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Andrea Leadsom urges parties to work together on Brexit policy


Brexit Secretary David Davis.

Brexit Secretary David Davis.

Foreign Secretary Boris Johnson.

Foreign Secretary Boris Johnson.


Brexit Secretary David Davis.

Andrea Leadsom has pleaded for unity on Brexit amid claims Cabinet ministers want Theresa May to ease up on her "red lines" and with the minority Government already facing pressure in the House of Commons.

The Commons Leader said ministers would "listen and consult" and be "open and responsive" to MPs and peers in a two-year Parliament set to be dominated by Britain's exit from the European Union.

But she also called on parliamentarians to work together "wherever possible" in the national interest.

It comes amid claims of Cabinet splits over Brexit, with Brexit Secretary David Davis's former chief of staff James Chapman claiming the Prime Minister's insistence on leaving the jurisdiction of the European Court of Justice (ECJ) had "hamstrung" his former boss in negotiations.

Mr Chapman also claimed the likes of Mr Davis and Boris Johnson could welcome an easing of the PM's Brexit "red lines", including on leaving the ECJ and Euratom (European Atomic Energy Community), and potential on immigration.

It also follows a Government concession on the Queen's Speech, with ministers pledging that women from Northern Ireland could have free abortions in England after an amendment from Labour MP Stella Creasy apparently gathered support from several Tory MPs.

It highlighted the vulnerability of the Government, which is relying on the support of the Democratic Unionist Party's 10 MPs to get its business through the House of Commons, after the Tories lost their majority in a disastrous general election.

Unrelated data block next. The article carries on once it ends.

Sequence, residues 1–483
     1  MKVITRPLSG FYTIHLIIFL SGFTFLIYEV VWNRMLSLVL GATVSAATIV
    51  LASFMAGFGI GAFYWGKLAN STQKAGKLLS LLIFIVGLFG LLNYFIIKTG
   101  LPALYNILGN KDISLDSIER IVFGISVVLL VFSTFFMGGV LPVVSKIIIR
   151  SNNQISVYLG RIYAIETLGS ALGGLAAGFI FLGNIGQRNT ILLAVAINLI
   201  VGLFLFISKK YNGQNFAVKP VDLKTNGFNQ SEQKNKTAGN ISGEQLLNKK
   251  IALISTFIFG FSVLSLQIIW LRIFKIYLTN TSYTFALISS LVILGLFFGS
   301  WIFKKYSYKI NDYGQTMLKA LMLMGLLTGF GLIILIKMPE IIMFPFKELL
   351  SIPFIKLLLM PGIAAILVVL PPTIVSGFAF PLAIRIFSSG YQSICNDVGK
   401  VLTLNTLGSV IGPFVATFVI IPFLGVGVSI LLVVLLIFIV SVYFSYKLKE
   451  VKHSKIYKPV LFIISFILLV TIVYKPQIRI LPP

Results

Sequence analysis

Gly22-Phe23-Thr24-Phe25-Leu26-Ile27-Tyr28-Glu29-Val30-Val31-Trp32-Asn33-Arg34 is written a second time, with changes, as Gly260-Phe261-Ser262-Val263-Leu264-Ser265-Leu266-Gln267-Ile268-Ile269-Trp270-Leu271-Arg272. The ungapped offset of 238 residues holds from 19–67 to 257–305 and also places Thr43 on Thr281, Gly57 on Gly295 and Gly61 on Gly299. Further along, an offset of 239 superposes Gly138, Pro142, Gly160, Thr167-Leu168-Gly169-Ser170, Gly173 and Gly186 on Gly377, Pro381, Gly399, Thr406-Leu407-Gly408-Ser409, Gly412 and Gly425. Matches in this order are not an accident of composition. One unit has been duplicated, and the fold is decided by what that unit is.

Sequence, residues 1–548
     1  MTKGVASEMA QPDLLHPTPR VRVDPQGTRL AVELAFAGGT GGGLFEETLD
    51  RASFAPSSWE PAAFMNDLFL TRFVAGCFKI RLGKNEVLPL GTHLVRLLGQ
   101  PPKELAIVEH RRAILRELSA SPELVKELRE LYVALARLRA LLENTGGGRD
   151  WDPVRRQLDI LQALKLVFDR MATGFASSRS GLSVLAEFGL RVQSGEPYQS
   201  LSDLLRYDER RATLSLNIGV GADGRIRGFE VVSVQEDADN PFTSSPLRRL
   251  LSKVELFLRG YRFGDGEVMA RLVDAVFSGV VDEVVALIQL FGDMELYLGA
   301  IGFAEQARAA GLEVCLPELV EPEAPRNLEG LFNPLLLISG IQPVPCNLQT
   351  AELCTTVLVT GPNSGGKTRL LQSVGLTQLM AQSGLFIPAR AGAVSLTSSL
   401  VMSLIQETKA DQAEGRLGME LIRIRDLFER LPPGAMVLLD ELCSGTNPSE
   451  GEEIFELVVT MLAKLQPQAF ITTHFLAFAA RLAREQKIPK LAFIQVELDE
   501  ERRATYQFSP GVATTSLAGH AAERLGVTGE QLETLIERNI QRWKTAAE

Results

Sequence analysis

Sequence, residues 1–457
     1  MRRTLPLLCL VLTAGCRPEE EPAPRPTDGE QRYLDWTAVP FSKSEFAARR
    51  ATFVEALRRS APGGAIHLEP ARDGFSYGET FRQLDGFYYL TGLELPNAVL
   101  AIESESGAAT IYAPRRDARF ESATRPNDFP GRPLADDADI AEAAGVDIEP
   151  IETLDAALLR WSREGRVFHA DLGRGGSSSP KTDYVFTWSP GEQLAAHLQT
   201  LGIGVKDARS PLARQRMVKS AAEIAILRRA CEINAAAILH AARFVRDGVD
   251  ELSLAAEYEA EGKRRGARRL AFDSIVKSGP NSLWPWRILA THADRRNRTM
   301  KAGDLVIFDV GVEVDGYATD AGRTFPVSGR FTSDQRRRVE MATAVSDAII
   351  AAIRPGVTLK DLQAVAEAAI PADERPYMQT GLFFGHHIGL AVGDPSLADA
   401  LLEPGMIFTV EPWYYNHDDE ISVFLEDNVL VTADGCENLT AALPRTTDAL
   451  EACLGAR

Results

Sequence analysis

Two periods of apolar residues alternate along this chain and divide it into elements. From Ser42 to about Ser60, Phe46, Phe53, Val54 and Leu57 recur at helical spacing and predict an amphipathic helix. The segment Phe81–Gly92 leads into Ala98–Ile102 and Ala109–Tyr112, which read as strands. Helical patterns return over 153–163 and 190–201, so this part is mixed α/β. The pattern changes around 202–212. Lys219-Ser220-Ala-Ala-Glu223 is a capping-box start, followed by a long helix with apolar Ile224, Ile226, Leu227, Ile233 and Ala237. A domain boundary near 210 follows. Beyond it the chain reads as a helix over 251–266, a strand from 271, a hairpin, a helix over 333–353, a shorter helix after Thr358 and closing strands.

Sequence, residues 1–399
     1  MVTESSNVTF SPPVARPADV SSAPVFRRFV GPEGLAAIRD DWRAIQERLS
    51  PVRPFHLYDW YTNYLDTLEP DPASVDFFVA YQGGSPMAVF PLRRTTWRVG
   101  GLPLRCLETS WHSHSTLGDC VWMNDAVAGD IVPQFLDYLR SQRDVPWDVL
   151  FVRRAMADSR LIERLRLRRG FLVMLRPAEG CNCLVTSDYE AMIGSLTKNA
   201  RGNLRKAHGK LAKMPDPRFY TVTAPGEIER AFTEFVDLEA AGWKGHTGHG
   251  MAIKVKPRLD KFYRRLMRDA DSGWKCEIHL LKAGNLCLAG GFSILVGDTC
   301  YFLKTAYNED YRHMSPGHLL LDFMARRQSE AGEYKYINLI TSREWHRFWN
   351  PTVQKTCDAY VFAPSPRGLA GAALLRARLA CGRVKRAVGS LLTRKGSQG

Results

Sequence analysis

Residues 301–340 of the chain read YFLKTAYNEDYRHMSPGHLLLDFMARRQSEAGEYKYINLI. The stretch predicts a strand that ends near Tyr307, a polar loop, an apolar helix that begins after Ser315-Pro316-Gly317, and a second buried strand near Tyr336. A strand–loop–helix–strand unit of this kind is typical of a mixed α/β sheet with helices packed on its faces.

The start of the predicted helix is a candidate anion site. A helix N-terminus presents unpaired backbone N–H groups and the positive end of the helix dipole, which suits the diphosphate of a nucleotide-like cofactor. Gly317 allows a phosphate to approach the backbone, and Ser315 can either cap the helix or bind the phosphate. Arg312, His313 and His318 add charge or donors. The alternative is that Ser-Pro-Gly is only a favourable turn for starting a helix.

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Ms Leadsom, a leading Leave campaigner who has caused controversy with calls for broadcasters to be "patriotic" over Brexit, said MPs and peers must prepare to leave the EU "in a way that brings the country together".

Writing for the Telegraph, she went on: " Government ministers will listen and consult, doing our best to be open and responsive to Parliament.

"Equally, we hope parliamentarians can set aside partisan politics to work together wherever possible in the best interests of our country.

"Such a co-operative approach is easiest when there is already a degree of consensus, yet it matters most on the many issues where there are real disagreements.

"We can of course rely on politicians of all colours to keep challenging the Government whenever they take a different view.

"The great clamour of discussion and debate is what makes our democracy so admired the world over.

"Yet by channelling our collective energies towards a single endpoint, and by coming together to improve our country, we can show British voters that there is more to our politics than just pessimistic bickering."

Her comments follow widespread calls for a cross-party approach to Brexit, reiterated on Saturday by Liberal Democrat spokesman Tom Brake.

"When David Davis' ex-chief of staff is telling you your approach to Brexit is too inflexible, it might be time to think again," he said.

"Theresa May has tied herself up in knots by setting so many red lines so early on in the negotiations.

"We need a cross-party Joint Cabinet Committee on Brexit to provide scrutiny and consensus in the national interest as we navigate these vital negotiations."

Meanwhile, a Number 10 source played down suggestions that Mrs May is going to walk out of Brexit talks in September in a staged show of defiance over EU demands for a divorce bill of tens of billions of pounds.

The Sunday Telegraph reported a senior Downing Street figure, among the raft of the PM's advisers who have recently left the Government, had briefed industry and City bosses about the plan, in an effort to limit the backlash from financial markets.

But a Number 10 source said: "This suggestion has no part in our plans".

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